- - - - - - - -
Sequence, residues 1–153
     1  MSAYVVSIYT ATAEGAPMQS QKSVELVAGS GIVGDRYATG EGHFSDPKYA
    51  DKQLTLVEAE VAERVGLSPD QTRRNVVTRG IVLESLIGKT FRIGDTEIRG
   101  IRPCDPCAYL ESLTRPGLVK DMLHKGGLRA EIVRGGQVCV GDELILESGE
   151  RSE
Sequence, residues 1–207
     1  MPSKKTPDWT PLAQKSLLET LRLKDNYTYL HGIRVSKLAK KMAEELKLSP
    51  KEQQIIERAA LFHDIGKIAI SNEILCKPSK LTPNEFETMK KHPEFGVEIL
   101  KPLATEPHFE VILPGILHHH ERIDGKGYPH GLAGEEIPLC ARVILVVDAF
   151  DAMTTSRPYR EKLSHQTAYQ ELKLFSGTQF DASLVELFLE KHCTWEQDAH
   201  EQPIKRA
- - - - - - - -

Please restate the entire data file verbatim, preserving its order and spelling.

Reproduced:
Sequence, residues 1–153
     1  MSAYVVSIYT ATAEGAPMQS QKSVELVAGS GIVGDRYATG EGHFSDPKYA
    51  DKQLTLVEAE VAERVGLSPD QTRRNVVTRG IVLESLIGKT FRIGDTEIRG
   101  IRPCDPCAYL ESLTRPGLVK DMLHKGGLRA EIVRGGQVCV GDELILESGE
   151  RSE
Sequence, residues 1–207
     1  MPSKKTPDWT PLAQKSLLET LRLKDNYTYL HGIRVSKLAK KMAEELKLSP
    51  KEQQIIERAA LFHDIGKIAI SNEILCKPSK LTPNEFETMK KHPEFGVEIL
   101  KPLATEPHFE VILPGILHHH ERIDGKGYPH GLAGEEIPLC ARVILVVDAF
   151  DAMTTSRPYR EKLSHQTAYQ ELKLFSGTQF DASLVELFLE KHCTWEQDAH
   201  EQPIKRA